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Platelet Rich Fibrin vs. Platelet Rich Plasma

Platelet Rich Fibrin vs. Platelet Rich Plasma

What if your own blood could be used to help reverse the effects of aging without any kind of plastic surgery? A revolutionary new therapy has been shown to take platelets found in your own blood and then use them to rejuvenate your own skin to make you look younger. This is not just around your eyes and face, but for any part of your body. There are two types of treatments that use a patient’s own plasma to regenerate and rejuvenate the skin and reverse the effects of aging. The first is platelet-rich fibrin (PRF). The second is platelet-rich plasma (PRP). These treatments are still relatively new, but they are moving closer to gaining mainstream acceptance, as some celebrities have recently undergone the treatment.

How Are They Different?

While the two treatments have some similarities, there are still qualitative differences between the two that makes them different treatments. PRP is the treatment that receives most of the attention and has been more widely used. Kourtney Kardashian recently has undergone the treatment, after her younger sister Kim had the procedure as well.

PRF has recently been gaining adherents due to some of the advantages that this particular process offers. Both procedures work using relatively the same methodology. For PRP, a small amount of blood is withdrawn from the patient. The blood is then separated into its various components after it is placed in a centrifuge. After the white and red blood cells are removed, the remainder is the PRP fluid, which is higher in platelets. This fluid is then applied to the skin and pushed into it with a micro-needle.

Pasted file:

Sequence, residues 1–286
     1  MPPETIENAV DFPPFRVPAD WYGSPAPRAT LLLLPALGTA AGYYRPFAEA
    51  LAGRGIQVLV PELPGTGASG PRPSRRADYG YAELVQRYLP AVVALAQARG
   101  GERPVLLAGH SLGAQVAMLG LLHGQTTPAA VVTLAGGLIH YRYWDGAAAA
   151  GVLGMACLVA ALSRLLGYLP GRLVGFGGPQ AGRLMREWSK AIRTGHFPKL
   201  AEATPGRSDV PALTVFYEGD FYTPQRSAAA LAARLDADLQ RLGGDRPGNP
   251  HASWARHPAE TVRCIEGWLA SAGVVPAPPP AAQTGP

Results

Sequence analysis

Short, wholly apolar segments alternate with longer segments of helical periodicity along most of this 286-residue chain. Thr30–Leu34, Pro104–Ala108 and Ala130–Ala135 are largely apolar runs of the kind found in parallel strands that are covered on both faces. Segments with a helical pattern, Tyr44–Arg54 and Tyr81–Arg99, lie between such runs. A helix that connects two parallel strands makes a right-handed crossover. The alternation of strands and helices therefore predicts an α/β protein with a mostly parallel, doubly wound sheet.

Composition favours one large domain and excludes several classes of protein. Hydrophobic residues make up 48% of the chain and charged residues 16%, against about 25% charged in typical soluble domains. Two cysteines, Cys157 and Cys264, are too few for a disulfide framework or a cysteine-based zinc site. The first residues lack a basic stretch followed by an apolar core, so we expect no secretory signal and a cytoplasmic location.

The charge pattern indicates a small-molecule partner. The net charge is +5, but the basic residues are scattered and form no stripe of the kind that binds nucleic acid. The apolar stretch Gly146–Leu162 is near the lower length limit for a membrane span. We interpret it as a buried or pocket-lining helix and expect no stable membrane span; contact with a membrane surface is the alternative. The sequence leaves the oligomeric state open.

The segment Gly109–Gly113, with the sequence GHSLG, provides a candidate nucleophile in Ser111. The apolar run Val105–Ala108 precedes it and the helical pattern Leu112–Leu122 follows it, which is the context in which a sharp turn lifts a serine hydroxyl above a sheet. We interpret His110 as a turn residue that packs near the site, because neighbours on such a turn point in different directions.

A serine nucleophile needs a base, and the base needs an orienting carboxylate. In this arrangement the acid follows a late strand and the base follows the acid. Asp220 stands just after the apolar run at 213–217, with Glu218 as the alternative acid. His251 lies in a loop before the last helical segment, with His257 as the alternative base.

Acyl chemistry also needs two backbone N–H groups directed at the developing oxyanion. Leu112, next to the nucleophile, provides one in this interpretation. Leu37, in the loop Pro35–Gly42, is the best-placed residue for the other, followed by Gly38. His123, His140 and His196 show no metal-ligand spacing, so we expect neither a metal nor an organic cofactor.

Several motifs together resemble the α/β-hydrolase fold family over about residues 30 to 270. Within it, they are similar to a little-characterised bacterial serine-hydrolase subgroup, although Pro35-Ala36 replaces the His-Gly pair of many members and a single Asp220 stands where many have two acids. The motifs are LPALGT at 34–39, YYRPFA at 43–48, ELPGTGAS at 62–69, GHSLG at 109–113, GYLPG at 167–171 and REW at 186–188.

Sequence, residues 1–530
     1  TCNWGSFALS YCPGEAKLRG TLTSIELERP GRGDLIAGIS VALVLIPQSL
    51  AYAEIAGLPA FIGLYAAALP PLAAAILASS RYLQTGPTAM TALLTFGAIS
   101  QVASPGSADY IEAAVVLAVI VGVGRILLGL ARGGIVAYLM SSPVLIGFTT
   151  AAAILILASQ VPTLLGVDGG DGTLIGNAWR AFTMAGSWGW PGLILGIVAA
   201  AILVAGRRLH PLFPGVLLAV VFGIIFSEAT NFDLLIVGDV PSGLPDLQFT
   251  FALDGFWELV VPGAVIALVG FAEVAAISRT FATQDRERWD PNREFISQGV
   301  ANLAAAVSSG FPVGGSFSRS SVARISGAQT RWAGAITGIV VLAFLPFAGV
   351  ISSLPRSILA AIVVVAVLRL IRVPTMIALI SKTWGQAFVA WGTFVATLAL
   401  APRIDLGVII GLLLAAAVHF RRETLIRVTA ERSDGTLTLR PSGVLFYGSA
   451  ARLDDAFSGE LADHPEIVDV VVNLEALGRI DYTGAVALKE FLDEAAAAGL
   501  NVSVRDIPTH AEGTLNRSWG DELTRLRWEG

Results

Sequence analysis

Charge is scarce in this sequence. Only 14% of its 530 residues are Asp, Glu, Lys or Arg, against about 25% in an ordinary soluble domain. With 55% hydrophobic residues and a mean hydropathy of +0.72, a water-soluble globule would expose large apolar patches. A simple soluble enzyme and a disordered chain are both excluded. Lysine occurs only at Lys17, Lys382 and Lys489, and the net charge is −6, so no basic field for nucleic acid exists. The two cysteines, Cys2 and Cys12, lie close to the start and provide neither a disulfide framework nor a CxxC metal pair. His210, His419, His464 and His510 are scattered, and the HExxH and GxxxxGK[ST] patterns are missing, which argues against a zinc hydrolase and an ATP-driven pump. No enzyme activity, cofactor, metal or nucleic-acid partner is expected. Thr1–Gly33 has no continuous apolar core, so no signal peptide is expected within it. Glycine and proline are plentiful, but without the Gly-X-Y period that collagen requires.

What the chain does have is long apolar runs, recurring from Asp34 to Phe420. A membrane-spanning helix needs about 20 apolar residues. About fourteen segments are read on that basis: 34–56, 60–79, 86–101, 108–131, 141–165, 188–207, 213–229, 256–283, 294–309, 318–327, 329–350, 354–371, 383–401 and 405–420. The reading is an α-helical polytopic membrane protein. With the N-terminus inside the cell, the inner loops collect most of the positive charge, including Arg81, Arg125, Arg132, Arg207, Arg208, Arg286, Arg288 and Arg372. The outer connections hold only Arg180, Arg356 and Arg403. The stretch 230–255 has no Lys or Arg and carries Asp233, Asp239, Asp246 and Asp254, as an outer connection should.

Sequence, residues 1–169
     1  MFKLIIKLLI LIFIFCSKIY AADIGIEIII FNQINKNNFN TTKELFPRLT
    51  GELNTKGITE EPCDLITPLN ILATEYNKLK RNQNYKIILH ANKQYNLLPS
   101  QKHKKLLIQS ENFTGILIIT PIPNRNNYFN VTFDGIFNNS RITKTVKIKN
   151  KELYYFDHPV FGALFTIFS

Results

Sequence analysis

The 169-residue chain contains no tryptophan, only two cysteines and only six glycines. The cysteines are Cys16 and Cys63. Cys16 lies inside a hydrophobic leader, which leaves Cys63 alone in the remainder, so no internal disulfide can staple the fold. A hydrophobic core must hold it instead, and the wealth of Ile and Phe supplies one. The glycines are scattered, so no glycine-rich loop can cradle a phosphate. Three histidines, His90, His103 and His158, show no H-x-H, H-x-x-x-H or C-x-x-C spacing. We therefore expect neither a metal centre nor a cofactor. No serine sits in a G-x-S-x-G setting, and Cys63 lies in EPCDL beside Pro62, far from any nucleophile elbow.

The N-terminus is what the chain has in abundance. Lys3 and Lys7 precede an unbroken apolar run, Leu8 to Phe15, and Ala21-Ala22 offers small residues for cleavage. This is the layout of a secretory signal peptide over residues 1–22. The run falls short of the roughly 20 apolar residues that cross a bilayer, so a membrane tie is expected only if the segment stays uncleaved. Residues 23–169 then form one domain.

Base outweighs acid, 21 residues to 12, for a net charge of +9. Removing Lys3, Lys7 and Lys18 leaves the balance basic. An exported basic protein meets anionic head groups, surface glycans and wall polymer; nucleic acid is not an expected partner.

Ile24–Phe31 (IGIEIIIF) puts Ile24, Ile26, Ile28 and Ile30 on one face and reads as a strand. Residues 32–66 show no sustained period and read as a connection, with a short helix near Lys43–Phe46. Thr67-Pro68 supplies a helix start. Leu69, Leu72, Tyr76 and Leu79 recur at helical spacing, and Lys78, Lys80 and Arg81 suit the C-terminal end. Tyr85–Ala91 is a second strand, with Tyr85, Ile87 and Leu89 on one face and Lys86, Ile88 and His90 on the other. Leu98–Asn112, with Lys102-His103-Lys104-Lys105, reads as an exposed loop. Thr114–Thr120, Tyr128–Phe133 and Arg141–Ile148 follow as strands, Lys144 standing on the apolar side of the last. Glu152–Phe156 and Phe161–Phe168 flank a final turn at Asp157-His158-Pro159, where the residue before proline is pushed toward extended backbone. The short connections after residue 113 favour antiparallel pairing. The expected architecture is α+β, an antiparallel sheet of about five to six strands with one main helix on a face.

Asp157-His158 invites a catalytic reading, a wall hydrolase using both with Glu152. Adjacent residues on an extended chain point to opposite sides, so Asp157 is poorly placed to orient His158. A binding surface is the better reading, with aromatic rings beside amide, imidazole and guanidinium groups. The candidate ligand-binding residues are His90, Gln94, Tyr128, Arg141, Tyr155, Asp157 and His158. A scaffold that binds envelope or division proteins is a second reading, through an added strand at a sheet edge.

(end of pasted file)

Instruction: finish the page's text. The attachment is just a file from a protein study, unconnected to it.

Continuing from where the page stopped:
PRF has many similarities to PRP as an anti-aging treatment. PRF is also taken from harvested blood, but the mixture has a slightly different composition than PRP. PRF has a higher count of white blood cells than PRP. PRF turns into a gel-type substance approximately 15 minutes after the extraction is complete. In that time period, PRF can be mixed with other dermal fillers to improve its efficacy.

The Answer is in the Fibrin

The major difference between PRF and PRP is the presence of fibrin in PRF. Fibrin is the substance that facilitates clotting under the skin after the substance is injected. Once the PRF is clotted, it forms a base beneath the skin, which supports the formation of new collagen. The other significant difference is that PRF is slower-acting, releasing its benefits over a longer period of time. The import of this is that the longer release period continuously stimulates the skin and is more effective as a lasting solution. This results in greater production of collagen.

PRF may work on more different types of skin than PRP, as it is regarded as a more advanced version of PRP. Individuals with thin skin may be a better candidate to benefit from PRF. This is because the properties of PRF allows for a smoother injection.

PRF requires multiple treatments spread out over time to achieve its maximum effectiveness. Different doctors recommend different intervals between treatments. Some doctors recommend treatments every month for a set period of time, while others advocate treatment six to eight weeks apart. While there are short-term benefits from PRF, it may take up to a year to start to see the long-term benefits.

Although PRF has not yet been approved by the FDA, it is rapidly gaining in mainstream acceptance and utilization as an anti-aging treatment. PRF is a very versatile treatment with the ability to be used anywhere on the body, and not just on the face. PRF is an all-natural solution and does not require any invasive procedures beyond the drawing of blood and a small injection.

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